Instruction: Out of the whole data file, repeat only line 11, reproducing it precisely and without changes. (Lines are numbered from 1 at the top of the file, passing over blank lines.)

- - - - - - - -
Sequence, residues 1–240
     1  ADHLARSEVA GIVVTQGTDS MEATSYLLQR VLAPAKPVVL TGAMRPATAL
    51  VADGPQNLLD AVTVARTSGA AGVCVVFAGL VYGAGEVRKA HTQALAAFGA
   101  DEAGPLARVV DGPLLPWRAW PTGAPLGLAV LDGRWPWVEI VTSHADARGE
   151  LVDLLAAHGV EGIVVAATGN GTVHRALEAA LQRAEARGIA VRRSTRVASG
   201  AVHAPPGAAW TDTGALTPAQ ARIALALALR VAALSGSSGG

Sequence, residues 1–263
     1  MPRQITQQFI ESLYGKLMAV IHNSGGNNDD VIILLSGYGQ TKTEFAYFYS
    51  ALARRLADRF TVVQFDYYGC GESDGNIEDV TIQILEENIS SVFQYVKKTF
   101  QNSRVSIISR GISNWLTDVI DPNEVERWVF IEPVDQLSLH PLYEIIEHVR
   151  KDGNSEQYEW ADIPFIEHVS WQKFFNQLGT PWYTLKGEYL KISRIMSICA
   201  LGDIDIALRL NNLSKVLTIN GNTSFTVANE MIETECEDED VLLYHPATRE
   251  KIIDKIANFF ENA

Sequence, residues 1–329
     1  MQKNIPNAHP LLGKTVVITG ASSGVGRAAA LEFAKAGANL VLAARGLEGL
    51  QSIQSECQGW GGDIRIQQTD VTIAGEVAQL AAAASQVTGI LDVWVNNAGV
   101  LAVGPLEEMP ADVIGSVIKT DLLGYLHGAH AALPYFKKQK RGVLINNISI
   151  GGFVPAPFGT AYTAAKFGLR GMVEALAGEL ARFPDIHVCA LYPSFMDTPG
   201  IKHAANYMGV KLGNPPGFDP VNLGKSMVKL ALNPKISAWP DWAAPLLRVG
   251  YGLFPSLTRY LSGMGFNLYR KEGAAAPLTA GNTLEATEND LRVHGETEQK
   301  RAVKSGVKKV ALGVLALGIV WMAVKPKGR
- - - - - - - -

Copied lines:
   151  KDGNSEQYEW ADIPFIEHVS WQKFFNQLGT PWYTLKGEYL KISRIMSICA